Walkway along riverbed to Franz Josef Glacier New Zealand.

Visiting Franz Josef Glacier New Zealand

Franz Josef Glacier (Ka Roimata o Hine Hukatere) is one of the most popular glaciers in New Zealand for the simple fact that it’s one of the biggest, steepest, and fastest, and the easiest to access.

However, visiting still has its challenges as this dynamic environment is hazard prone, especially by flooding and landslide. Torrential rains in 2019 washed out parts of the access road and walkway to Franz Josef Glacier. It also washed out the access road to nearby Fox Glacier. A not-so-subtle reminder of the powerful forces at work here.

That said, it’s still definitely worth visiting. However, road and access conditions need to be verified beforehand.

Walkway along riverbed to Franz Josef Glacier New Zealand.

Franz Josef Glacier, New Zealand

About Franz Josef Glacier

Franz Josef Glacier sits on the west coast of the South Island of New Zealand. It’s a 7.5 mile (12 km) long glacier, stopping about 12 miles (19 km) from the Tasman Sea. The peak sits 9,842’ (3,000 m) above sea level. 

The glacier was formed by the accumulation of snow dumped by westerly winds. Over time, this accumulated snow became compacted and started pushing down the mountain, picking up rocks and debris along the way.

Franz Josef Is One of the Steepest & Fastest

Franz Josef is one of the steepest glaciers in New Zealand. Because it’s steeper, it’s glacial ice moves faster.

How fast? Although it’s always changing, it’s been noted to move as fast as 13’ (4 m) per day. This is much faster than the average valley glacier, which is about 20” to 3’ (50 cm to 1 m) per day. 

Glacial Caves & Crevasses on Franz Josef

Because the glacial ice on Franz Josef moves fast, it’s more likely to have stunning features like ice caves and crevasses. And because it’s dynamic, these features can change daily.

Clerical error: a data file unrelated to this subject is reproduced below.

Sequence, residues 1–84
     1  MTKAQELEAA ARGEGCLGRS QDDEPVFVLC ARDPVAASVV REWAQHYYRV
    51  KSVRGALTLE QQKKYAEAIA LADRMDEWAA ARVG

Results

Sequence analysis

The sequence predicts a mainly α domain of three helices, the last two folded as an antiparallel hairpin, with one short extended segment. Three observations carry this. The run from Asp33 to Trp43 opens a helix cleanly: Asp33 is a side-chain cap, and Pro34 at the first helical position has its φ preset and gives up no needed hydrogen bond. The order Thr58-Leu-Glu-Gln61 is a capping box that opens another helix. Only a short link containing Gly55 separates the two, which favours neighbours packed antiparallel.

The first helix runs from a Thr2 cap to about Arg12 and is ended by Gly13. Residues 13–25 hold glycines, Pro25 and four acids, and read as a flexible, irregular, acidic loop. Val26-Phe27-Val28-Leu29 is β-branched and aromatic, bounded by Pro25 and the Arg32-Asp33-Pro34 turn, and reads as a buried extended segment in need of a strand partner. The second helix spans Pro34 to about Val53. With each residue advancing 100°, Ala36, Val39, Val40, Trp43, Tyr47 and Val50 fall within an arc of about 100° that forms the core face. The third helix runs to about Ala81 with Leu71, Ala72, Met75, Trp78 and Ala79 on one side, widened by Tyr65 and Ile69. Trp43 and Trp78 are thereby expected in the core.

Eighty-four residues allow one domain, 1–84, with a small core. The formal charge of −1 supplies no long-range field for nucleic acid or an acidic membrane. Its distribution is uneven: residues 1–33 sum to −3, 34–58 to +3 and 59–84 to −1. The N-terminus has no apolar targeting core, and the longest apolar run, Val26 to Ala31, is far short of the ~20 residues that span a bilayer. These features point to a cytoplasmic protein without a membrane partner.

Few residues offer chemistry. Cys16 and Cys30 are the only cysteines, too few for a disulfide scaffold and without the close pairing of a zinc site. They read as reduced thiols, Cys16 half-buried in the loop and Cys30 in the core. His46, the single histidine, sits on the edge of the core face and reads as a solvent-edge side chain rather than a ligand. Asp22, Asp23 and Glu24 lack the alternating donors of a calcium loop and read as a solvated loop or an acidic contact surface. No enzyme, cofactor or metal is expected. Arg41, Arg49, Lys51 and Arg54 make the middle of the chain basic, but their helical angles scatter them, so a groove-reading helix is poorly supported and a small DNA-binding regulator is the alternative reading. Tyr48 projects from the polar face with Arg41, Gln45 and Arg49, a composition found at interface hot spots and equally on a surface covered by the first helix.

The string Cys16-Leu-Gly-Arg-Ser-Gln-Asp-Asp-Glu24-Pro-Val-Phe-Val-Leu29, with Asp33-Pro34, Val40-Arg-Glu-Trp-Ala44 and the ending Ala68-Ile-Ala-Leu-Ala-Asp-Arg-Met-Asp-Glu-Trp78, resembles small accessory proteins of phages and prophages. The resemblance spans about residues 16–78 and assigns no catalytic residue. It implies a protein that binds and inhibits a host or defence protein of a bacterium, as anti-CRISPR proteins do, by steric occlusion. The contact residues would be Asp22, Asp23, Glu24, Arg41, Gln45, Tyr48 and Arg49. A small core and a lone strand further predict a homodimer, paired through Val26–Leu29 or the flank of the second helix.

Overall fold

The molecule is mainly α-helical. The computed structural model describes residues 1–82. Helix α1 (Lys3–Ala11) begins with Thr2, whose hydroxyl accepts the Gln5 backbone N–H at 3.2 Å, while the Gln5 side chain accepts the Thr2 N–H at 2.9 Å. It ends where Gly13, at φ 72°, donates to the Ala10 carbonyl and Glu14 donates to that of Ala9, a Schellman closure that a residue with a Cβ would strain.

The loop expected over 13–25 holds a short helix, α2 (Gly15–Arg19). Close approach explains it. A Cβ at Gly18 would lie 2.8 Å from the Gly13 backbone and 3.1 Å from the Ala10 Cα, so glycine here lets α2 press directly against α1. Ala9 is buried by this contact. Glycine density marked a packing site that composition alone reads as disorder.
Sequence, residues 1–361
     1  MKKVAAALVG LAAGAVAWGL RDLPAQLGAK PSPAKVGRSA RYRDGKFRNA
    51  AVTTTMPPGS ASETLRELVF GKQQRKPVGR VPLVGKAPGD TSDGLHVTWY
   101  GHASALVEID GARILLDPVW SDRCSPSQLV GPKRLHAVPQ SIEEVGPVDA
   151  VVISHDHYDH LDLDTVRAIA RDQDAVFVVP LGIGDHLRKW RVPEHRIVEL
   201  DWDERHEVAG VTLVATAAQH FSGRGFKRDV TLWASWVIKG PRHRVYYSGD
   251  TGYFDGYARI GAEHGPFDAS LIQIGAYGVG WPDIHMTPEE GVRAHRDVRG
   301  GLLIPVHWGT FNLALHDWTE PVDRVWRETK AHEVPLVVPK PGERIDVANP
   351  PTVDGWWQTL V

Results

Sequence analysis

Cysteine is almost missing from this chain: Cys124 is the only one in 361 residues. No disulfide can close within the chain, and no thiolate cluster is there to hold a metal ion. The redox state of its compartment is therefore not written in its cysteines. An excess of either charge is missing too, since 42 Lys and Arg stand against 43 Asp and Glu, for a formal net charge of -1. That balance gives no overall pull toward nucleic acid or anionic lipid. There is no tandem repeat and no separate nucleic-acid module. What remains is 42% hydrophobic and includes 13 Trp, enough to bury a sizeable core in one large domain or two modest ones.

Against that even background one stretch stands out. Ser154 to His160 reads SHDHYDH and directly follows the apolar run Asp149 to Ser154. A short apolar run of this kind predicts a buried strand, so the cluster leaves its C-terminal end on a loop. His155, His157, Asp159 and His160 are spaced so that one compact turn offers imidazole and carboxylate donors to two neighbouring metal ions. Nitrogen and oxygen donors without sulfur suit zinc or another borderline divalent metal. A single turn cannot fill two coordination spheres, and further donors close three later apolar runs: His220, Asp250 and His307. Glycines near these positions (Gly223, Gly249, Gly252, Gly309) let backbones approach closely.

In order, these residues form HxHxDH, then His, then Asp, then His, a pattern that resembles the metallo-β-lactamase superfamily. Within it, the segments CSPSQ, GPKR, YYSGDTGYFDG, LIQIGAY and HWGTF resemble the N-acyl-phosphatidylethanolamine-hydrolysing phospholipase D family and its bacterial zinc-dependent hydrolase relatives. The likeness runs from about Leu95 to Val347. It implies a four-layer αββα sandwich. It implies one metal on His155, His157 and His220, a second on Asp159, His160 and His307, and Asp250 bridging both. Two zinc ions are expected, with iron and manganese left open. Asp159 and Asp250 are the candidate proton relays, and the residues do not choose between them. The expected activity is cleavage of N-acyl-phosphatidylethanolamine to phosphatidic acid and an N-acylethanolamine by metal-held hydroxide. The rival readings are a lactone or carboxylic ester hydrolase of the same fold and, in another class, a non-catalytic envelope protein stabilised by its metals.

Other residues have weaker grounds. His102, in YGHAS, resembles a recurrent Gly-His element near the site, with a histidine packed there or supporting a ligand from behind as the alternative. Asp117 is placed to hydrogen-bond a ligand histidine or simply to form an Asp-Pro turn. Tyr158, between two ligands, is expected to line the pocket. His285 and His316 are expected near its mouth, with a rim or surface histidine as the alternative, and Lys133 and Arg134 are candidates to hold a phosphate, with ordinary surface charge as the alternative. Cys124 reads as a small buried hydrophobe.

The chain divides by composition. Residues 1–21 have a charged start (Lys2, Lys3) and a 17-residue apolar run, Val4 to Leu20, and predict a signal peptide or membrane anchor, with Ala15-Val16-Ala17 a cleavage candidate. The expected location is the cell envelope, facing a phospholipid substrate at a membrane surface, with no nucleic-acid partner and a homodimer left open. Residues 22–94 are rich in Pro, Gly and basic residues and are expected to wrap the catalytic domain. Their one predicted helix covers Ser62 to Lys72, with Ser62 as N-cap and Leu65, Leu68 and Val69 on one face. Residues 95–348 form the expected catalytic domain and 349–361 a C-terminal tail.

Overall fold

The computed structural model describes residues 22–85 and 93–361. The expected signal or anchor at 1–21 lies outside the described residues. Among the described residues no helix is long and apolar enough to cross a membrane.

Glacial caves are a unique phenomenon that occur when water flows through the glacier and melts out a passageway.

In addition to glacial caves, as weather eats away at the glacial ice, sometimes it creates cracks, or crevasses. Sometimes up to 200’ (60 m)!

Both are beautiful to explore, but can also be dangerous.

Ice Cave on Franz Josef | Jeremy Sham

Glacial caves can be unstable. And sometimes they’re invisible, especially when filled with fresh snow. Because of this (as well as many other reasons) it’s very important to only walk on a glacier with an experienced guide.

Franz Josef Glacier Is Dynamic

Franz Josef Glacier is dynamic. It’s been advancing and retreating over the centuries. Advancing when the snowfall is higher than the snowmelt, and retreating when there is more snow melting than snowfall. 

The most recent cyclical advancement phase ended in 2008, when due to global warming, it started a rapid retreat.

In addition to this, the area around the glacier is also dynamic as it’s hazard prone. Because of the high mountains and westerly weather system, it receives a lot of rainfall, making it susceptible to floods and landslides.

Furthermore, as the glacier retreats, more sediment flows down the mountain, raising the level of the Waiho River bed below, making the area even more prone to flooding.